Dictionary: JOK-ING-LY – JOT

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JOK-ING-LY, adv.

In a joking way.

JOLE, n. [sometimes written jowl; Sax. ceole, the jaw or cheek; Ir. gial. Qu. Arm. chagell, contracted.]

  1. The cheek; used in the phrase, cheek by jole, that is, with the cheeks together, close, tête à tête. Dryden.
  2. The head of a fish. – Pope.

JOLE, v.t.

To strike the head against any thing; to clash with violence. [Not used.] – Shak.

JOL'LI-LY, adv. [See Jolly.]

With noisy mirth; with a disposition to noisy mirth. – Dryden.


Mirth; merriment. [Obs.] Spenser.

JOL'LI-NESS, or JOL'LI-TY, n. [from jolly.]

  1. Noisy mirth; gayety; merriment; festivity. All was now turned to jollity and game. – Milton.
  2. Elevation of spirit; gayety. He with a proud jollity commanded him to leave that quarrel for him who was only worthy to enter into it. – Sidney. [This word in America is not now applied to respectable company.]

JOL'LY, a. [Fr. joli, pretty; It. giulivo, joyful, merry. Qu. Sax. geola, gehol, a feast, the yule, or feast of the nativity.]

  1. Merry; gay; lively; full of life and mirth; jovial. It expresses more life and noise than cheerful; as, a jolly troop of huntsmen. – Shak. [It is seldom applied in colloquial usage to respectable company. We rarely say of respectable persons, they are jolly. It is applied to the young and the vulgar.]
  2. Expressing mirth or inspiring it. And with his jolly pipe delights the groves. – Prior. The coachman is swelled into jolly dimensions by frequent potations of malt liquors. – Irving.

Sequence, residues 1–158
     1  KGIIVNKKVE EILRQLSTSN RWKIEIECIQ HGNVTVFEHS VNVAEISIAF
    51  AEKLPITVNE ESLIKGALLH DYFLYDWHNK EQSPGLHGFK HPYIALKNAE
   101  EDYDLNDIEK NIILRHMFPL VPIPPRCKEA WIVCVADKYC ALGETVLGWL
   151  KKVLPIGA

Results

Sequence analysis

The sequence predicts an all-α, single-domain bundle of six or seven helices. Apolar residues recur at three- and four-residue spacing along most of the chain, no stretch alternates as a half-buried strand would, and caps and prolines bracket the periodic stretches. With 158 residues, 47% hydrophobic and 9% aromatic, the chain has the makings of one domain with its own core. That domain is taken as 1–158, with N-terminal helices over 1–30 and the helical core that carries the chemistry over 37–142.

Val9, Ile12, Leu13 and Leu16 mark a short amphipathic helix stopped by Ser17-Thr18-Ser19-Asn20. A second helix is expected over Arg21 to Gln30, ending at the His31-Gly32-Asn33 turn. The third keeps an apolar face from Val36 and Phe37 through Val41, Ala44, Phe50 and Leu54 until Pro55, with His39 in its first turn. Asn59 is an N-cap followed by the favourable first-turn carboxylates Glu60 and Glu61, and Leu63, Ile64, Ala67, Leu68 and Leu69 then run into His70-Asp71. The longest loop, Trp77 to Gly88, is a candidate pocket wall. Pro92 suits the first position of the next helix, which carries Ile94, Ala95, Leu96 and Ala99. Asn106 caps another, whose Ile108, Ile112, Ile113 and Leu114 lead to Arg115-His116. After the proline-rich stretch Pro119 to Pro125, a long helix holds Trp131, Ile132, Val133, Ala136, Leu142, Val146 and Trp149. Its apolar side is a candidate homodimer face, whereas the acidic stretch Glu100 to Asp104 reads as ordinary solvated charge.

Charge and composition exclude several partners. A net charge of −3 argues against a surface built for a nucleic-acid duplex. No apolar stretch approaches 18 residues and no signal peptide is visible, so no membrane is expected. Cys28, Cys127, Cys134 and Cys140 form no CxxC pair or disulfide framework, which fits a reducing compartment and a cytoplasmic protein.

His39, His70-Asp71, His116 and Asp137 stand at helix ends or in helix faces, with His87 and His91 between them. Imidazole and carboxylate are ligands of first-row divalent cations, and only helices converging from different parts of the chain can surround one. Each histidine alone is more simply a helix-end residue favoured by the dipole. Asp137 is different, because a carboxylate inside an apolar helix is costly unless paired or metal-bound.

3. Exciting mirth and gayety; as, jolly May. – Dryden.
  4. Like one in high health; pretty. – South.

JOL'LY-BOAT, n. [Sw. julle, a yawl.]

A small boat belonging to a ship.

JOLT, n.

A shock or shake by a sudden jerk, as in a carriage. – Swift.

JOLT, v.i.

To shake with short abrupt risings and fallings, as a carriage moving on rough ground. The carriage jolts.

JOLT, v.t.

To shake with sudden jerks, as in a carriage on rough ground, or on a high trotting horse; as, the horse or carriage jolts the rider.

JOLT-ED, pp.

Shaken with sudden jerks.


He or that which jolts.


A greathead; a dunce; a blockhead. – Shak.

JOLT-ING, ppr.

Giving sudden jerks or shakes.


In a jolting manner.

JON'QUIL, a. [Fr. jonquille; It. giunchiglia, giunco; L. juncus, a rush, and It. giglio, a lily. It is sometimes called the rush-leafed daffodil.]

A plant of the genus Narcissus, bearing beautiful flowers of various colors, yellow and white. – Encyc.


A vessel for chamber uses. – Swift.

JO'SO, n.

A small fish of the gudgeon kind.

JOS'TLE, v.t. [jos'l; Fr. jouter, for jouster; It. giostrare; Sp. justar. Written also justle.]

To run against and shake; to push.


Run against; pushed. We say, a thing jostled out of its place.


A running against; a crowding.


Running against; pushing.

JOT, n. [Gr. ιωτα, Ch. Heb. yod, Syr. yudh, the name of the letter י or i.]

An iota; a point; a tittle; the least quantity assignable. Till heaven and earth pass, one jot or one tittle shall in no wise pass from the law till all shall be fulfilled. – Matth. v. A man may read much, and acquire not a jot of knowledge or be a jot the wiser. – Anon.

JOT, v.t.

To set down; to make a memorandum of.